Sally would likely open the email that knows she’s a professional baker, rather than one that is attempting to make a wild guess. Why? Because the second example sounds like it knows her personally.

3. It uses lead questions

When used accurately, lead questions evoke thought and concentration. It draws their attention to the email body and what would come next. However, if you misjudge your audience and use it wrongly, the emotion you should incur may be lost on them.

Close-ended questions may not be the best fit for email introductions because they can cause the reader to lose interest fast. Consider this:

Email Lead Question: Are you looking to buy a house in Miami?

Reader: No.

And then they close the email.

Now take a look at an open-ended question that evokes thought:

Email Lead Question: How would you like to own a slice of luxury?

Now imagine this question accompanied with a background image of a luxurious property in Miami. It not only makes the reader stop and think, but also piques their desire for what the email is offering.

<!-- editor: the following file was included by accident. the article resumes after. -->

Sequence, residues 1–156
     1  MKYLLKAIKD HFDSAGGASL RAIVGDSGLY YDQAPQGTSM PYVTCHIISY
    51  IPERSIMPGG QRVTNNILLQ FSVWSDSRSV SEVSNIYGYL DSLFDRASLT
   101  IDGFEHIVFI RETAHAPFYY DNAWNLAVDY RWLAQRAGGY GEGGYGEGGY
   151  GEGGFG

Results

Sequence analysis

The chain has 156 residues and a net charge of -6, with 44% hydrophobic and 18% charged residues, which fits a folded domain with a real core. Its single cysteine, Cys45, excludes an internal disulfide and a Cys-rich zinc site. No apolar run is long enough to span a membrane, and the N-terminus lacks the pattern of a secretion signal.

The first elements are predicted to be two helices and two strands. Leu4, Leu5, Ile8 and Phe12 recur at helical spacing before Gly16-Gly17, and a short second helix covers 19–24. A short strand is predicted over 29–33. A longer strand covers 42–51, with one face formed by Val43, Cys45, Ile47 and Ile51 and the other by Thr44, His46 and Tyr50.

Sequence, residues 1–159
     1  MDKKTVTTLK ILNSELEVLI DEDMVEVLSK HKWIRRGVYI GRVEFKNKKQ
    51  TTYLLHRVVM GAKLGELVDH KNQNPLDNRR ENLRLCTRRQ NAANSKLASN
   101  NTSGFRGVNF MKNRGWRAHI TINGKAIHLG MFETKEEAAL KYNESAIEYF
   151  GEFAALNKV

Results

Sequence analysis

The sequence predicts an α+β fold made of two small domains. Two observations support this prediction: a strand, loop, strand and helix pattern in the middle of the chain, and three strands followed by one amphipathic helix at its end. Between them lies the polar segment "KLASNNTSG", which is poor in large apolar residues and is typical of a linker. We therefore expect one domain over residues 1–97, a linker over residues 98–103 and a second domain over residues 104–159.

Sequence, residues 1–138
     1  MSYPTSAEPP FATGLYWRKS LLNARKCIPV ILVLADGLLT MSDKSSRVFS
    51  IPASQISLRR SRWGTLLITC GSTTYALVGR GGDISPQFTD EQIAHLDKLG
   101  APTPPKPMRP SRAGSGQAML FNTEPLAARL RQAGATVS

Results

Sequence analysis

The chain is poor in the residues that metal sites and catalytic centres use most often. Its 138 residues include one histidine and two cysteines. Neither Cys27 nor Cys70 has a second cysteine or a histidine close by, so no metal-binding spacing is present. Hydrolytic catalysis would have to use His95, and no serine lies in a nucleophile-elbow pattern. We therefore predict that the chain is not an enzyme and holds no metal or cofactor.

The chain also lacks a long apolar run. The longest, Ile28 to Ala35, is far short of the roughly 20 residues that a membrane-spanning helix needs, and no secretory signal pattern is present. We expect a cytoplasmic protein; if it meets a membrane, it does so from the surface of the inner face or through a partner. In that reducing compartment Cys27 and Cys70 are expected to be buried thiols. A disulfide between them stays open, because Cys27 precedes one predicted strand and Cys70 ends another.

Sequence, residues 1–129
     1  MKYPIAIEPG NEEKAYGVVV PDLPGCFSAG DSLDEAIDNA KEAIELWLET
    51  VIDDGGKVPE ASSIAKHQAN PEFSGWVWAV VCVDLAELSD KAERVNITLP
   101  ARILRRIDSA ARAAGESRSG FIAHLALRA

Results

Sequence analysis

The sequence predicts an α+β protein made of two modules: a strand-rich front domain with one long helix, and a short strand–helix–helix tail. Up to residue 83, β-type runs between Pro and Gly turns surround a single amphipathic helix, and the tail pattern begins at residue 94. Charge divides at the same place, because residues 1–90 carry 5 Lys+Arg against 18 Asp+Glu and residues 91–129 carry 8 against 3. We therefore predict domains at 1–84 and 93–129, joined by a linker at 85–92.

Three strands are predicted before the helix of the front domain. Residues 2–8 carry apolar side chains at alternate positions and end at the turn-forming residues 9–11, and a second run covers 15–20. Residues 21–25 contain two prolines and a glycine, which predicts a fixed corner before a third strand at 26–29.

4. It has irresistible subject lines

Subject lines are like the introduction to your email introduction, and if you don’t get it right, they won’t click your email in the first place. This is why you have to make it irresistibly convincing.

Subject lines make a huge difference in whether your emails will be read or not, and the catchier they are, the better chances you have of them being opened. Usually, subject lines are created to be “clickable.” You create them to make your readers want to click them.

Here are some fine examples you can modify:

●     Economical subject line: Massive Summer Sale Ends in 3 days! 50% off all items

●     Statistical subject line: Coffee With a Kick: 37% of Survey Respondents Add Alcohol to Coffee at Work

●     Unpopular opinion/Bold statement subject line: Your Marketing Sucks!

Conclusion

Nailing your email introduction is vital to building a relationship with prospective customers as well as your existing customer base. This article highlights all the essential components of a good email introduction with examples that show you how you can nail it every time.